Music Industry Not Listening to Its Audience Says New Study

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Music Services Company iMusicRain Finds That Two out of Five American Consumers Unsatisfied with Industry’s Output

There are large swaths of consumers who are telling us that they are simply unhappy with today’s commercially available music.

According to a new study by music services company iMusicRain, the state of the music industry is in need of repair, with consumer satisfaction for commercially available music today – the type you might hear on the radio or produced for mass consumption – precipitously low.

In fact, more than two out of five (44%) American consumers are unsatisfied with commercially available music today, and many of those who may at first appear to claim they are satisfied, are, in reality, satisfied by the fact that technology exists that allows them to escape the mainstream via downloads and streaming services.

“We’re seeing it across the board,” says Yurina Shin, creative director at iMusicRain and the lead author of the study. “There are large swaths of consumers who are telling us that they are simply unhappy with today’s commercially available music. Many are turning to downloads and streaming services to find the music they like – be it indie bands, obscure genres or songs from decades past.”

What’s more, most consumers expect things to stay the same – at least in the near term.

According to Shin, two thirds (64%) of consumers believe that the music coming out over the next 6 months will hold just about the same appeal as today’s music does, while 20% feel it will be less appealing to them – just 16% expect music to improve and become more appealing.

“While perhaps obvious,” says Shin, “publishing appealing music is crucial to improving sales numbers. In fact, the consumers most likely to say they are planning on increasing their spending on music are the same consumers who expect the commercial music scene to improve.”

Most of the consumers polled expected their spending on music products to remain the same over the next two quarters. Those most likely to increase their spending are also those with the most positive outlook on commercial music. Those planning to increase their spending expect to spend approximately 25% more on music products, while those planning on scaling back expect to cut their spending by around 30%.

Encapsulating the Health of the Music Industry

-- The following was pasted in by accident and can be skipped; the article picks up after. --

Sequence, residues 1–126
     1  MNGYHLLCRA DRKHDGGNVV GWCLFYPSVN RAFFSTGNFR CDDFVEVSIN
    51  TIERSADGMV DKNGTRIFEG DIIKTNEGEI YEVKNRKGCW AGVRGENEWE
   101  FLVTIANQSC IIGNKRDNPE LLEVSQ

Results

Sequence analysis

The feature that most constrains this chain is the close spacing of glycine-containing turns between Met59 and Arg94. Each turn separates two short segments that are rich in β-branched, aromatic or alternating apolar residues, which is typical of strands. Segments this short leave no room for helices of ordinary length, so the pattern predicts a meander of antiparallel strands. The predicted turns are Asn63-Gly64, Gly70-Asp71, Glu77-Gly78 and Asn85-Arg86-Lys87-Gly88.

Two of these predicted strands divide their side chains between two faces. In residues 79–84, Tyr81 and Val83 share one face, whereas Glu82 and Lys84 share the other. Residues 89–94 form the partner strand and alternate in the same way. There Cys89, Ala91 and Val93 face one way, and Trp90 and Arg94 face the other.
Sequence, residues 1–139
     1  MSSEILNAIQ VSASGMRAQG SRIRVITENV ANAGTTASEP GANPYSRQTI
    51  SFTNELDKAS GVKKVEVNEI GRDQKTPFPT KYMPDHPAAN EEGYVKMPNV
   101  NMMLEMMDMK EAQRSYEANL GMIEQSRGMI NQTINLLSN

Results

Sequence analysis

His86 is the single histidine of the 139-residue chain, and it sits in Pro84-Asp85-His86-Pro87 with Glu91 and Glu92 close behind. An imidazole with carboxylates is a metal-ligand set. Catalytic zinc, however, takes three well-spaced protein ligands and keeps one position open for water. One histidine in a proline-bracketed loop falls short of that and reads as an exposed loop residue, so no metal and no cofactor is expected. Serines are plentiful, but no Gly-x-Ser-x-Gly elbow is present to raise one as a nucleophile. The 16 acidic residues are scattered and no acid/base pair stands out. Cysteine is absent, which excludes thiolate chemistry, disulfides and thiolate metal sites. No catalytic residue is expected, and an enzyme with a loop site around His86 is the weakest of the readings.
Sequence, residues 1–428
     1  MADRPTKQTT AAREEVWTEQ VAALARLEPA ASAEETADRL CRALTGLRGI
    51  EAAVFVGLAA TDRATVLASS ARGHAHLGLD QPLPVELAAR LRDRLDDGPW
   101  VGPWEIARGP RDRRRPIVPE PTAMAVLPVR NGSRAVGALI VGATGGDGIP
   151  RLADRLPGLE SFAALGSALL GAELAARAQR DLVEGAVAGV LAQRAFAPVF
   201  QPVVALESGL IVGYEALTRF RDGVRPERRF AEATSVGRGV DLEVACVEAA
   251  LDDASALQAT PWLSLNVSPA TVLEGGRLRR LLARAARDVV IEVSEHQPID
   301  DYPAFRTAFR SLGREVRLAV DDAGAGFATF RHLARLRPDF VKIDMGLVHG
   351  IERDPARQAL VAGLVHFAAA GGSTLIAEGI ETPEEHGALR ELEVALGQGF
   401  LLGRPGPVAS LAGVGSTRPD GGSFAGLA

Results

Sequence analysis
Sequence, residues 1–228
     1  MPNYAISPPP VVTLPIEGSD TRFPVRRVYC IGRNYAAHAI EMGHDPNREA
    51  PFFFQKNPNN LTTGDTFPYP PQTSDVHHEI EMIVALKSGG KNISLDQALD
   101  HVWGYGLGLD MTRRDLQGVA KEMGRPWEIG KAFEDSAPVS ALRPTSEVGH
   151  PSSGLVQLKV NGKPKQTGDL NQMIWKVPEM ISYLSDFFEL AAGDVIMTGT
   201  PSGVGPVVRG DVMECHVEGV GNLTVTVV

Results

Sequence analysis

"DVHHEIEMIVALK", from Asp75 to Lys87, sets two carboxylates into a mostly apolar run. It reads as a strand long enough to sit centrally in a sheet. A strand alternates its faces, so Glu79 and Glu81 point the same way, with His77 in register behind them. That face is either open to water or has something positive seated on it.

While many factors go into gauging the health of the music industry, the iMusicRain team has developed a new metric that encapsulates all those factors into one number. The State of the Music Industry index, which had a reading of 51.9 in March, measures consumer satisfaction, planned spending and levels of appeal with respect to the music being released today.

The composite score ranges from zero to 100, with scores above 50 indicating a healthy state and scores below 50 indicating an unhealthy state for the industry.

“We’ll be publishing the State of the Music Industry index every month,” says Shin. “We hope to see this important metric climb over time, which would signal a healthier, fresher and more creative, music industry.“

For more information about this study or the State of the Music Industry index, please send an email to music(at)imusicrain(dot)com.

About the State of the Music Industry Index (SOMI Index)
The State of the Music Industry Index is the first metric of its kind that provides a comprehensive and easily digestible view of the health of the music industry and evolving trends within the greater music landscape. Developed my iMusicRain (, the index is based on a monthly survey of adult American consumers. Going forward, the index will be released on a monthly basis.

About iMusicRain (
iMusicRain is a full service music creation and production company, offering clients a wide range of services including music composition, sound design, music production, music consulting, music-related research and quality talent for events and performances.

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